INFO Train: Accuracy: 0.10, SoftmaxCrossEntropyLoss: 2.30
INFO Validate: Accuracy: 0.10, SoftmaxCrossEntropyLoss: 2.30

Training:    100% |████████████████████████████████████████| Accuracy: 0.10, SoftmaxCrossEntropyLoss: 2.30
Validating:  100% |████████████████████████████████████████|

INFO Epoch 3 finished.
INFO Train: Accuracy: 0.10, SoftmaxCrossEntropyLoss: 2.30
INFO Validate: Accuracy: 0.10, SoftmaxCrossEntropyLoss: 2.30

Training:    100% |████████████████████████████████████████| Accuracy: 0.10, SoftmaxCrossEntropyLoss: 2.30
Validating:  100% |████████████████████████████████████████|

INFO Epoch 4 finished.
INFO Train: Accuracy: 0.10, SoftmaxCrossEntropyLoss: 2.30
INFO Validate: Accuracy: 0.10, SoftmaxCrossEntropyLoss: 2.30

Training:    100% |████████████████████████████████████████| Accuracy: 0.10, SoftmaxCrossEntropyLoss: 2.30
Validating:  100% |████████████████████████████████████████|

INFO Epoch 5 finished.
INFO Train: Accuracy: 0.10, SoftmaxCrossEntropyLoss: 2.30
INFO Validate: Accuracy: 0.10, SoftmaxCrossEntropyLoss: 2.30

Training:    100% |████████████████████████████████████████| Accuracy: 0.10, SoftmaxCrossEntropyLoss: 2.30
Validating:  100% |████████████████████████████████████████|

INFO Epoch 6 finished.
INFO Train: Accuracy: 0.10, SoftmaxCrossEntropyLoss: 2.30
INFO Validate: Accuracy: 0.10, SoftmaxCrossEntropyLoss: 2.30

Training:    100% |████████████████████████████████████████| Accuracy: 0.10, SoftmaxCrossEntropyLoss: 2.30
Validating:  100% |████████████████████████████████████████|

INFO Epoch 7 finished.
INFO Train: Accuracy: 0.10, SoftmaxCrossEntropyLoss: 2.30
INFO Validate: Accuracy: 0.10, SoftmaxCrossEntropyLoss: 2.30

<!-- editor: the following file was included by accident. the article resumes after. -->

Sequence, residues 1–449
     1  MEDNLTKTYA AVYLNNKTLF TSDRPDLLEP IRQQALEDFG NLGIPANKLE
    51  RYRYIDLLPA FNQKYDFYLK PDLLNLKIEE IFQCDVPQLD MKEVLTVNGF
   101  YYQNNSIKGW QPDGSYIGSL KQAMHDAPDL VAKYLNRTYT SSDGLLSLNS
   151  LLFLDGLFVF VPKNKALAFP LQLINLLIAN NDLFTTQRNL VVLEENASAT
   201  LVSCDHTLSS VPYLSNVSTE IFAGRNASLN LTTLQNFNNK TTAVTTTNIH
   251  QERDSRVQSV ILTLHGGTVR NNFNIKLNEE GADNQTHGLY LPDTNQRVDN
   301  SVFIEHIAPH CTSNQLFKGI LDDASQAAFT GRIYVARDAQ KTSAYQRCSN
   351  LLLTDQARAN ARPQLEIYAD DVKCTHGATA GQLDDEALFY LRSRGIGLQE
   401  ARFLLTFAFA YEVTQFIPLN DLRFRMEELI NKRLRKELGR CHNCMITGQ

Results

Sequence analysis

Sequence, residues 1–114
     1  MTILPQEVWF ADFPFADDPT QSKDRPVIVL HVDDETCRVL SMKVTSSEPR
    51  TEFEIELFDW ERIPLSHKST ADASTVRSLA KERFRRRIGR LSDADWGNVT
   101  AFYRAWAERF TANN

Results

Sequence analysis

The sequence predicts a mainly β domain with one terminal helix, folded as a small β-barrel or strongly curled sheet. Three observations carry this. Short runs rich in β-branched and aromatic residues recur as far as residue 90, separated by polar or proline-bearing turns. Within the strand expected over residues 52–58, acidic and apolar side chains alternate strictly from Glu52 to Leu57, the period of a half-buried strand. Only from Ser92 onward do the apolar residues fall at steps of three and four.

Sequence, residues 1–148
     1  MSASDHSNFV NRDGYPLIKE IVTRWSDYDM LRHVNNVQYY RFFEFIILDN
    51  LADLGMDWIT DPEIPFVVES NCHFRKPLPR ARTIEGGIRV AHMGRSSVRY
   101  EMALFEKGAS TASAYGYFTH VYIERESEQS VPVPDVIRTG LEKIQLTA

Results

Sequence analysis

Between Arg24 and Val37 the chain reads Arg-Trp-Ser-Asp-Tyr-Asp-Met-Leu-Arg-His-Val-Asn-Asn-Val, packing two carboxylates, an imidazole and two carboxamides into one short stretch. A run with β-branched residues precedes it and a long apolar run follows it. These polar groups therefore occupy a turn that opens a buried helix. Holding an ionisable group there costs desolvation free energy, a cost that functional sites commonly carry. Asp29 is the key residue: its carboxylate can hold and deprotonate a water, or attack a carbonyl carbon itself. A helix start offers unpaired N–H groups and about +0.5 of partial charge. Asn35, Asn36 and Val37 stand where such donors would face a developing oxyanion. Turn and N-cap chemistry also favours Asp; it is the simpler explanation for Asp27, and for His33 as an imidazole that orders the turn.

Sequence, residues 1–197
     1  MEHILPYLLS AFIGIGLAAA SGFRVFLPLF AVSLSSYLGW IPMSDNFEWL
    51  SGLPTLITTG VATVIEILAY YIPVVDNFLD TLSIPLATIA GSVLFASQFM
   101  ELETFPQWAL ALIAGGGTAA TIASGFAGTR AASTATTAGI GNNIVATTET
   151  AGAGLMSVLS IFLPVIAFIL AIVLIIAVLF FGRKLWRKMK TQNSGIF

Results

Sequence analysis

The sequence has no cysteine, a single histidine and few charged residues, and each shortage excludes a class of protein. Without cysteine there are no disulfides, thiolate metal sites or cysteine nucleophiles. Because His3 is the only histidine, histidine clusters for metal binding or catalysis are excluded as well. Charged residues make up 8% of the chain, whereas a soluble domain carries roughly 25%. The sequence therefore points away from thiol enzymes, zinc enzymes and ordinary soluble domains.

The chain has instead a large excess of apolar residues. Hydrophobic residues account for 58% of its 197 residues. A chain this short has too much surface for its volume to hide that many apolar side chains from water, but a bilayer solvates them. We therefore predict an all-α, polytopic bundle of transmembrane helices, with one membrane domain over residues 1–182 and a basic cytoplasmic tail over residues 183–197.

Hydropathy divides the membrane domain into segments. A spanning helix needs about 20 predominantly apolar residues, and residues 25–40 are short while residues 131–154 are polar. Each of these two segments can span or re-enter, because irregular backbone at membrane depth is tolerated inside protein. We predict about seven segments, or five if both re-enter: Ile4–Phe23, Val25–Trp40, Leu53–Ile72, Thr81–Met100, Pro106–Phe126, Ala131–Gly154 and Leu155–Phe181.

Training:    100% |████████████████████████████████████████| Accuracy: 0.10, SoftmaxCrossEntropyLoss: 2.30
Validating:  100% |████████████████████████████████████████|

INFO Epoch 8 finished.
INFO Train: Accuracy: 0.10, SoftmaxCrossEntropyLoss: 2.30
INFO Validate: Accuracy: 0.10, SoftmaxCrossEntropyLoss: 2.30

Training:    100% |████████████████████████████████████████| Accuracy: 0.10, SoftmaxCrossEntropyLoss: 2.30
Validating:  100% |████████████████████████████████████████|

INFO Epoch 9 finished.
INFO Train: Accuracy: 0.10, SoftmaxCrossEntropyLoss: 2.30
INFO Validate: Accuracy: 0.10, SoftmaxCrossEntropyLoss: 2.30

Training:    100% |████████████████████████████████████████| Accuracy: 0.10, SoftmaxCrossEntropyLoss: 2.30
Validating:  100% |████████████████████████████████████████|

INFO Epoch 10 finished.
INFO Train: Accuracy: 0.10, SoftmaxCrossEntropyLoss: 2.30
INFO Validate: Accuracy: 0.10, SoftmaxCrossEntropyLoss: 2.30

loss 2.303, train acc 0.100, test acc 0.100
10711.8 examples/sec

String[] lossLabel = new String[trainLoss.length + testAccuracy.length + trainAccuracy.length];

Arrays.fill(lossLabel, 0, trainLoss.length, "train loss");
Arrays.fill(lossLabel, trainAccuracy.length, trainLoss.length + trainAccuracy.length, "train acc");
Arrays.fill(lossLabel, trainLoss.length + trainAccuracy.length,
trainLoss.length + testAccuracy.length + trainAccuracy.length, "test acc");

StringColumn.create("lossLabel", lossLabel)
);

LinePlot.create("", data, "epoch", "metrics", "lossLabel");


### 11.11.3.3. Cosine Tracker¶